Image credit: Madprime, Wikimedia CommonsPinpointing the genetic causes of common diseases is not easy, as multiple genes may be involved with a disease. Moreover, disease-causing variants in DNA often do not act directly, but by activating nearby genes. To add to the complexity, genetic activation is not like a simple on/off switch on a light, but behaves more like a “dimmer switch” – some people may have a particular gene turned all the way up, while others have it only turned halfway on, completely off, or somewhere in between. And different factors, like DNA or the environment, play a role in the dimmer switch’s setting.
According to Fred Wright, NC State professor of statistics and biological sciences, director of NC State’s Bioinformatics Center and co-first author of the study, “Everyone has the same set of genes. It’s difficult to determine which genes are heritable, or controlled by your DNA, versus those that may be affected by the environment. Teasing out the difference between heredity and environment is key to narrowing the field when you’re looking for a genetic relationship to a particular disease.”
Wright, with co-first author Patrick Sullivan, Distinguished Professor of Genetics and Psychiatry at UNC-Chapel Hill and director of the Center for Psychiatric Genomics, and national and international colleagues, analyzed blood sample data from 2,752 adult twins (both identical and fraternal) from the Netherlands Twin Register and an additional 1,895 participants from the Netherlands Study of Depression and Anxiety. For all 20,000 individual genes, they determined whether those genes were heritable – controlled by the DNA “dimmer switch” – or largely affected by environment.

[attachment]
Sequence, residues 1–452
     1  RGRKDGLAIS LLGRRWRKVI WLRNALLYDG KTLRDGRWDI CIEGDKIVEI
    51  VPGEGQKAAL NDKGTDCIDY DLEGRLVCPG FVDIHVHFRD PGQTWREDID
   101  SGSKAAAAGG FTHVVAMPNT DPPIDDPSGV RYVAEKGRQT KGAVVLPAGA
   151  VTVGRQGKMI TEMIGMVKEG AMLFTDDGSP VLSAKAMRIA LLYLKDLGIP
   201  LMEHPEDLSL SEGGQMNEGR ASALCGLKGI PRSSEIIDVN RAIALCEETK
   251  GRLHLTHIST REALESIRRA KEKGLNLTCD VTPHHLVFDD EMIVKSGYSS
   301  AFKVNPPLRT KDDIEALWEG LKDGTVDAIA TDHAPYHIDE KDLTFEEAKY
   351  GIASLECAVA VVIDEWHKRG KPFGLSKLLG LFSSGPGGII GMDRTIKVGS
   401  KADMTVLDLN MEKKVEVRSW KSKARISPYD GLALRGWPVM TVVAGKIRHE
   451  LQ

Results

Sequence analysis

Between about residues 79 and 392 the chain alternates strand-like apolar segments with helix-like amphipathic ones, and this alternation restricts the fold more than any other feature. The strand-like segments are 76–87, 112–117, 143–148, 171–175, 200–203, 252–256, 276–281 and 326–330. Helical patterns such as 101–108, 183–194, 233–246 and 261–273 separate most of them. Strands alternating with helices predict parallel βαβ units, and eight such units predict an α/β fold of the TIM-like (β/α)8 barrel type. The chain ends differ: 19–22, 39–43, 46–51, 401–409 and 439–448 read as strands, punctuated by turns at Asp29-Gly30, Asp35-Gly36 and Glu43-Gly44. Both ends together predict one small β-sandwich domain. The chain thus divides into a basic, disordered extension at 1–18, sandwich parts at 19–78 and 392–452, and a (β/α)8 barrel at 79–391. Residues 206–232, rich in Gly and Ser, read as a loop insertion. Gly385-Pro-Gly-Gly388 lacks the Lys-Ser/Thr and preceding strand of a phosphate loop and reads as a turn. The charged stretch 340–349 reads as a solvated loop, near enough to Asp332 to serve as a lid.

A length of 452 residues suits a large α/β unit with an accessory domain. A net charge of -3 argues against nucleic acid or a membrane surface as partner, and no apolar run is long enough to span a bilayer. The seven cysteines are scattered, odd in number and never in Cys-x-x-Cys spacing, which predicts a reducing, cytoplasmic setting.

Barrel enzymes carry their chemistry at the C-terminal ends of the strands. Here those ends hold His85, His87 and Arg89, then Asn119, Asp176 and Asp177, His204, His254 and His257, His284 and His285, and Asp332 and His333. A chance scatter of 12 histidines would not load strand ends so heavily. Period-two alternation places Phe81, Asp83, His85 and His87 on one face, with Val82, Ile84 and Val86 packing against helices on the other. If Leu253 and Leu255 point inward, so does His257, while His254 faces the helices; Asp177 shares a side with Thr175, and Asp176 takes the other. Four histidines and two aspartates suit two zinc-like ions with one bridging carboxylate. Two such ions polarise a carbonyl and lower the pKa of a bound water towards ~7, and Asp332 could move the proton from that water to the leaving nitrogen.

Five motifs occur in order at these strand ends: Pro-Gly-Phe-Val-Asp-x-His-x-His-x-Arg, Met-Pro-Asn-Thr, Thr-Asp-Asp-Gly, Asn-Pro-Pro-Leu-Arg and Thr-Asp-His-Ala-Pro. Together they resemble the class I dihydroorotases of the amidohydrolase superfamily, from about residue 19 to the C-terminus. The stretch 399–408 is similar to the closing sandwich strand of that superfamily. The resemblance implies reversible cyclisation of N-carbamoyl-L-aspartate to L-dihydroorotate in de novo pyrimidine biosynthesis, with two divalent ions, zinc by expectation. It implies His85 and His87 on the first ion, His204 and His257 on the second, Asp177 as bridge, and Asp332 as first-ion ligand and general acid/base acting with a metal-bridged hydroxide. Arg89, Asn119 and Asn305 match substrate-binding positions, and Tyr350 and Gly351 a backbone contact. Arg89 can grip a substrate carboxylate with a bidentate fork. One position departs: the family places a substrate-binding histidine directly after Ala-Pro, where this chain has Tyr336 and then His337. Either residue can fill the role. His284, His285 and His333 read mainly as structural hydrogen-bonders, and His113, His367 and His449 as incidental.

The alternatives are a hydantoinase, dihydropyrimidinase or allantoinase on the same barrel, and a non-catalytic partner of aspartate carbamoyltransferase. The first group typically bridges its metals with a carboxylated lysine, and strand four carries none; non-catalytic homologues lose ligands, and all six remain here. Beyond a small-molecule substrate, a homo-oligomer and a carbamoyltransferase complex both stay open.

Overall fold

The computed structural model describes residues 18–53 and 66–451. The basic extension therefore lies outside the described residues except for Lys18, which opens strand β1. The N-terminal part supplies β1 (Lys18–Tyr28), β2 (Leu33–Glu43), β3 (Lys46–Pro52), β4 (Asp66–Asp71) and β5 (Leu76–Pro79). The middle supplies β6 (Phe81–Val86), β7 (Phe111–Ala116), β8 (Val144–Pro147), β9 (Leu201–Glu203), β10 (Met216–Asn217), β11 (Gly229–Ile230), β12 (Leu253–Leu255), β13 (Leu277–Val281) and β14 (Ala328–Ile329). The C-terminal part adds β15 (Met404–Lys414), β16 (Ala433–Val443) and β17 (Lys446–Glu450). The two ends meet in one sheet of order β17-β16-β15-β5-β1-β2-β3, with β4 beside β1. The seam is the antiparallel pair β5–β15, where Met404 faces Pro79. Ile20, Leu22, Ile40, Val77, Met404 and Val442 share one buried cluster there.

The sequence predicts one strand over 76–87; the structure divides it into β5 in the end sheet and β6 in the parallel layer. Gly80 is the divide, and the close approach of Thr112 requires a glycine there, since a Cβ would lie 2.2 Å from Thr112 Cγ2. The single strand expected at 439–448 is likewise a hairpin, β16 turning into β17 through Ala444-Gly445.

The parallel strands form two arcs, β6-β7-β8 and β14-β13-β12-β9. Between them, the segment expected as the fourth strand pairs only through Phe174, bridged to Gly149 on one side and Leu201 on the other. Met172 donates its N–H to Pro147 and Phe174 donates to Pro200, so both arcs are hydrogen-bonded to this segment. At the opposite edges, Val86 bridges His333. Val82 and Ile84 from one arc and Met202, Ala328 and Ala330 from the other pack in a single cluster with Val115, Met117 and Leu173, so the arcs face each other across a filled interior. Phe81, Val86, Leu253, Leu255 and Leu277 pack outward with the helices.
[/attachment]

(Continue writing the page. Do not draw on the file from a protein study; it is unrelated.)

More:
“Identical twins have identical DNA,” Wright explains, “so if a gene is heritable, its expression will be more similar in identical twins than in fraternal twins. This process allowed us to create a database of heritable genes, which we could then compare with genes that have been implicated in disease risk. We saw that heritable genes are more likely to be associated with disease – something that can help other researchers determine which genes to focus on in future studies.”
The study appears online April 13 in Nature Genetics.
“This is by far the largest twin study of gene expression ever published, enabling us to make a roadmap of genes versus environment,” Sullivan says, adding that the study measured relationships with disease more precisely than had been previously possible, and uncovered important connections to recent human evolution and genetic influence in disease.
The Netherlands Twin Register has followed twin pairs for over 25 years and in collaboration with the longitudinal Netherlands Study of Depression and Anxiety established a resource for genetic and expression studies. Professor Dorret Boomsma, who started the twin register, says, “in addition to the fundamental insights into genetic regulation and disease, the results provide valuable information on causal pathways. The study shows that the twin design remains a key tool for genetic discovery.”
Blood samples from the Netherlands were processed by the NIMH Center for Collaborative Genomics Research on Mental Disorders at Rutgers University. NC State research scholar Yi-Hui Zhou and associate professor of statistics Jung-Ying Tzeng contributed to the work. Funding for the study included grants from the National Institute of Mental Health and other NIH Institutes, the Gillings Innovation Lab, the Netherlands Organization for Scientific Research, the Center for Medical Systems Biology, Biobanking and Biomolecular Resources Research Infrastructure, and the European Science Foundation and European Research Council.